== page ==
FIG. 11 shows the ejection of gonio seton 22.

FIG. 12 shows gonio seton 22 as permanently implanted. It is positioned in the Lagrange fistulating zone. Hollow needle 24 is retracted as shown.

FIG. 13 shows the safety lock, which secures the plunger assembly 14. Thus, inadvertent sliding in a longitudinal direction is prevented.

FIG. 14A shows the locking mechanism. The plunger assembly is prevented from sliding when the lock has been secured by a clockwise rotation.

FIG. 14B shows the unlocking of the safety lock by an anticlockwise rotation. After this, the plunger assembly can be made to slide in a longitudinal direction by compression on its rear part, which will cause an extrusion of the gonio seton. The two marker lines in front of the plunger assembly indicate the position of the plunger.

Having thus described the preferred embodiments of the present invention, those of skill in the art will be readily able to apply these teachings to other embodiments without deviating from the scope of the claims hereto attached.

Patent Citations
Cited PatentFiling datePublication dateApplicantTitle
US4030480 *May 13, 1976Jun 21, 1977Ernst Jochen MeyerOcular decompression process
US4340037 *Jul 17, 1981Jul 20, 1982Lewicky Andrew OMethod to prevent collapse of the anterior chamber utilizing a terminal with eye engaging detents
US4787885 *Mar 6, 1987Nov 29, 1988Binder Perry SHydrogel seton
US4865601 *Jul 7, 1987Sep 12, 1989Caldwell Delmar RIntraocular prostheses
US4915684 *Jun 21, 1988Apr 10, 1990Mackeen Donald LMethod and apparatus for modulating the flow of lacrimal fluid through a punctum and associated canaliculus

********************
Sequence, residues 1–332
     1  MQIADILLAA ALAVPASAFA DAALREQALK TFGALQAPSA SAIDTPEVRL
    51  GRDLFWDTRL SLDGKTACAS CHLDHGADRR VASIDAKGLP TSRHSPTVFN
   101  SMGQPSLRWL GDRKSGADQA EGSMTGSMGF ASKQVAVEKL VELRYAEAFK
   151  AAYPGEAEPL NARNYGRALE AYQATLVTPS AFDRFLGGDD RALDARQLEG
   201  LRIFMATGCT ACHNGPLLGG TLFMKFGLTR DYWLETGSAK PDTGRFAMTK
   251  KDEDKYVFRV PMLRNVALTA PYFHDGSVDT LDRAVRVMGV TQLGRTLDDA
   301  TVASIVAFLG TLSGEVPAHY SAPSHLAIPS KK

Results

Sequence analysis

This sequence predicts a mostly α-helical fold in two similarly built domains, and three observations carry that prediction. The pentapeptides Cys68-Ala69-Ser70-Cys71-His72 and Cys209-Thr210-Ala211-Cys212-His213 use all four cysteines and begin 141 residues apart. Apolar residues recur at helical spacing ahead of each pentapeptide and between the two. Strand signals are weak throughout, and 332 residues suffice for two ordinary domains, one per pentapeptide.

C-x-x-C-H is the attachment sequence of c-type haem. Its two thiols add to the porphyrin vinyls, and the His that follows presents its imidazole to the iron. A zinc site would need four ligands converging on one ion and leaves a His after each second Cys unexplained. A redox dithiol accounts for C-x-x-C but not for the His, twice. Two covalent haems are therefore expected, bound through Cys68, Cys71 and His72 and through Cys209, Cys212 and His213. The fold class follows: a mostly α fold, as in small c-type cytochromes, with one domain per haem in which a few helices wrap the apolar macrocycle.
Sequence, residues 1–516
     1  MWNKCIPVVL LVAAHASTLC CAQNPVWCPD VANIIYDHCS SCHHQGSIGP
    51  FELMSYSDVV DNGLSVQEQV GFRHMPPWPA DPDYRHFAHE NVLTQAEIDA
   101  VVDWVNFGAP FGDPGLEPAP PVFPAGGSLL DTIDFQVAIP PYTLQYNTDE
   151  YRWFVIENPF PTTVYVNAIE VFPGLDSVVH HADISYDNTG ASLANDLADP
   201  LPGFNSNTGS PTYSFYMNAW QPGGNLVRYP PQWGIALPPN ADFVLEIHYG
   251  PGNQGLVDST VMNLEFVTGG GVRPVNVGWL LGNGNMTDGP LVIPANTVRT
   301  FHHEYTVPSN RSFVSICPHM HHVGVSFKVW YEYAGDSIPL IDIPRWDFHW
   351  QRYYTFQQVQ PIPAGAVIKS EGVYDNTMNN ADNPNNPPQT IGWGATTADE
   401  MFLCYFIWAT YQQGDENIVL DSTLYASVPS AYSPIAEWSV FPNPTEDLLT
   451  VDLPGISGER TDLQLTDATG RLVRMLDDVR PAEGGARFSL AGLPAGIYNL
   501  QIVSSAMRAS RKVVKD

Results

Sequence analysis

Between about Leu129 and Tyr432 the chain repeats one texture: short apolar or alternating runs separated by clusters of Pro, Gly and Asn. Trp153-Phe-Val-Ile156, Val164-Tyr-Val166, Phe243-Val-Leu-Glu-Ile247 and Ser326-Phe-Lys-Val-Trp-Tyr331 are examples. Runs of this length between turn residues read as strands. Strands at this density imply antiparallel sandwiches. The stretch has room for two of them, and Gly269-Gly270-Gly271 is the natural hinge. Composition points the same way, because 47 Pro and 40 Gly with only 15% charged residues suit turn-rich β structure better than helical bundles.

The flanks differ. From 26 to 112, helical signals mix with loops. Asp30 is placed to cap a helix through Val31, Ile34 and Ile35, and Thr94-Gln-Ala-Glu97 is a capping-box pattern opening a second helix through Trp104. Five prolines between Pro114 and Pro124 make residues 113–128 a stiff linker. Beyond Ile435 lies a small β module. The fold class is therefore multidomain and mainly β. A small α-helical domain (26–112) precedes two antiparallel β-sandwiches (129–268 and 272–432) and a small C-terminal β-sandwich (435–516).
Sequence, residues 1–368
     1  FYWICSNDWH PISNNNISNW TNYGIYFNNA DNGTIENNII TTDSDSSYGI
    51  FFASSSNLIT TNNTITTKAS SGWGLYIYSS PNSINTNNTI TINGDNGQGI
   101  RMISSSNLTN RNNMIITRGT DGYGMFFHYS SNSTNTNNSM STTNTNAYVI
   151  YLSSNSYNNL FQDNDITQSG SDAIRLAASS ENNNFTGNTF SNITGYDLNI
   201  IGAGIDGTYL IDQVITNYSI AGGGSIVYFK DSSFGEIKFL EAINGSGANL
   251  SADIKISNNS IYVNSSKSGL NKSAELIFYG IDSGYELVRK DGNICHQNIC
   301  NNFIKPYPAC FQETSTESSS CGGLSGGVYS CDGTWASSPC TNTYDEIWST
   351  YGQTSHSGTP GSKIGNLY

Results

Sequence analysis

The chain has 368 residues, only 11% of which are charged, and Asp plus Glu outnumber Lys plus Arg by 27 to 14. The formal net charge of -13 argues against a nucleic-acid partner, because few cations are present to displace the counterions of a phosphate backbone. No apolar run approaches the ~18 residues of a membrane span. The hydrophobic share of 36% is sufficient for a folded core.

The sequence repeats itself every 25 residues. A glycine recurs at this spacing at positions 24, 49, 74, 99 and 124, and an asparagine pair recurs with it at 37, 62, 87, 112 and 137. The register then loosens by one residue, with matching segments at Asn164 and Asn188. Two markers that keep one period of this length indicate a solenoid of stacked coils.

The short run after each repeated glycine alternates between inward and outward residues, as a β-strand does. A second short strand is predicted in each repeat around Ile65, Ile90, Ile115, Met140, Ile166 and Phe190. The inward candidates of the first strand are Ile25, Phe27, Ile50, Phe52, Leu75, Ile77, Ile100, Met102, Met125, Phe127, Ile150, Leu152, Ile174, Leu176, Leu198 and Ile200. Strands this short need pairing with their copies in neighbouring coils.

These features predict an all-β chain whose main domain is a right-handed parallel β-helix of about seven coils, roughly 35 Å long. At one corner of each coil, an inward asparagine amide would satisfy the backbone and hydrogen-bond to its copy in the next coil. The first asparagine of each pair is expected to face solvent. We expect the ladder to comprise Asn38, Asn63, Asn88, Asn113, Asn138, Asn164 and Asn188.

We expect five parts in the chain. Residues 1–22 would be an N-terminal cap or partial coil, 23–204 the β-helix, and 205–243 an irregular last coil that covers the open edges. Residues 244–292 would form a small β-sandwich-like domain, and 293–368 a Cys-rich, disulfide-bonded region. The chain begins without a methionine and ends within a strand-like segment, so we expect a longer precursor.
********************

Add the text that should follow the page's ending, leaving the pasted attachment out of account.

US4936825 *Apr 11, 1988Jun 26, 1990Ungerleider Bruce AMethod for reducing intraocular pressure caused by glaucoma
US4968296 *Dec 20, 1989Nov 6, 1990Robert RitchTransscleral drainage implant device for the treatment of glaucoma
Referenced by
Citing PatentFiling datePublication dateApplicantTitle
US5662703 *Sep 19, 1996Sep 2, 1997Schneider (Usa) Inc.Rolling membrane stent delivery device
US5725546 *Jun 24, 1994Mar 10, 1998Target Therapeutics, Inc.Detachable microcoil delivery catheter
US6120432 *Apr 23, 1997Sep 19, 2000Vascular Science Inc.Medical grafting methods and apparatus
US6186942Apr 7, 1999Feb 13, 2001St. Jude Medical Cardiovascular Group, Inc.Medical grafting methods and apparatus
US6450984Apr 26, 2000Sep 17, 2002Gmp Vision Solutions, Inc.Shunt device and method for treating glaucoma
US6464724Apr 26, 2000Oct 15, 2002Gmp Vision Solutions, Inc.Stent device and method for treating glaucoma
US6514196Nov 15, 2000Feb 4, 2003St. Jude Medical Atg, Inc.Medical grafting methods and apparatus
US6524275Apr 26, 2000Feb 25, 2003Gmp Vision Solutions, Inc.Inflatable device and method for treating glaucoma
US6533768Apr 14, 2000Mar 18, 2003The Regents Of The University Of CaliforniaDevice for glaucoma treatment and methods thereof
US6626858Sep 12, 2002Sep 30, 2003Gmp Vision Solutions, Inc.Shunt device and method for treating glaucoma